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Unbanked and Underbanked Americans - Who Are They?

Posted by Wendell Brock on Thu, Dec 03, 2009

The U.S. Census Bureau conducted a National survey this year on behalf of the FDIC to ascertain the level of Unbanked and Underbanked households in the United States. The survey was designed to help the FDIC understand who is outside the banking system. The study which is the most comprehensive to date, reveals that just over a fourth (25.6 percent) of the households in the U.S. are unbanked or underbanked and those households are largely low-income and/or minority.

The survey additionally collected more accurate estimates of the Unbanked and Underbanked Households, and reasons why the people remain unbanked or underbanked. The survey estimates, represent the first time this kind of data has been collected in large metropolitan statistical areas (MSA), states, and across the nation.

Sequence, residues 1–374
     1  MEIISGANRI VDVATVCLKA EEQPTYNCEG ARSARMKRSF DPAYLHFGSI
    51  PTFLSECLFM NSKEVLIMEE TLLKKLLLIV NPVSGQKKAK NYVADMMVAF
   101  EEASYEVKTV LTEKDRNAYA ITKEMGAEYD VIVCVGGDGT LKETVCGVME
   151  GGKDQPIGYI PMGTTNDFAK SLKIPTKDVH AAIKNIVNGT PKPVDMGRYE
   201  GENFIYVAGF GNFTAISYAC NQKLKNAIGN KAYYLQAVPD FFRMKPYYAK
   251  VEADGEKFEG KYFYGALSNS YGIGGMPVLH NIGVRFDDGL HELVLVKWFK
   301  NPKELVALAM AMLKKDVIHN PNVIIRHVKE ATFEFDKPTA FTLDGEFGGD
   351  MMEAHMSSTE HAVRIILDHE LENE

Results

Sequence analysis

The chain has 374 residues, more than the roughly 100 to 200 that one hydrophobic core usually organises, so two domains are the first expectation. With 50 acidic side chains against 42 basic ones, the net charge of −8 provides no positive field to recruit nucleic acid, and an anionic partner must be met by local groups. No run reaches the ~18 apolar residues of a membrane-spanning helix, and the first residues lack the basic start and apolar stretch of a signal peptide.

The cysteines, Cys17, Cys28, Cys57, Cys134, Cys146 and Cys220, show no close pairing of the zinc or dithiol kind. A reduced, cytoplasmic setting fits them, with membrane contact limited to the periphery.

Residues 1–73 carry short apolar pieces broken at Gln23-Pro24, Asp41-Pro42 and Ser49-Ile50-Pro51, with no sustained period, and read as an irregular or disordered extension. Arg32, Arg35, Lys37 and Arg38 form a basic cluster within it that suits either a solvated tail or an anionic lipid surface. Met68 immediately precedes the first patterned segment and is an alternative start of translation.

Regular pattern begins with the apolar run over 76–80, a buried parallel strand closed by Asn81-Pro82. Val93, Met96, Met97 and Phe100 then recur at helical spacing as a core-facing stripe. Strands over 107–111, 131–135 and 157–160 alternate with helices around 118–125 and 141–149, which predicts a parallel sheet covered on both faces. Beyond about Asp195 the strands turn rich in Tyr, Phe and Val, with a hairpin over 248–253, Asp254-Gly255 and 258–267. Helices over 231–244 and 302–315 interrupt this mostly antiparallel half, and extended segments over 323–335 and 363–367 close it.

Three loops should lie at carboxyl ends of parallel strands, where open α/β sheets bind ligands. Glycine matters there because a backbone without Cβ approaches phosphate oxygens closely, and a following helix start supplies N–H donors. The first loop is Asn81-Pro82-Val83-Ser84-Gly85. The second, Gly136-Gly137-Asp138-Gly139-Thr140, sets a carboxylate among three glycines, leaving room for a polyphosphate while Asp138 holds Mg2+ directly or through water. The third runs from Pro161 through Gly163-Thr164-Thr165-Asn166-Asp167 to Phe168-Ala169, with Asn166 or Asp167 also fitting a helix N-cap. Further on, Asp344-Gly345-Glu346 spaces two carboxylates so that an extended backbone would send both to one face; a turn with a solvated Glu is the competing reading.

"Access to an account at a federally insured institution provides households with an important first step toward achieving financial security - the opportunity to conduct basic financial transactions, save for emergency and long-term security needs, and access credit on affordable terms," stated Sheila Bair, Chairman of the FDIC. "By better understanding the households that make up this group - who they are and their reasons for being unbanked or underbanked, we will be better positioned to help them take that first step."

Terms

Unbanked is determined by households who answered "no" to the question "Do you or does anyone in your household currently have a checking or a savings account?"

Underbanked households were determined by those who have a checking or savings account but rely on alternative financial services. Specifically, using money orders, nonbank check-cashing services, payday loans, rent-to-own agreements, or pawn shops at least once or twice a year or tax refund anticipation loans at least once in the past five years.

Key Findings of the Study

  • Of the households surveyed, 7.7 percent were unbanked, which translates nationally to 9 million households - approximately 17 million adults. An additional 17.9 percent - or 21 million households nationally (approximately 43 million adults) - were found to be underbanked.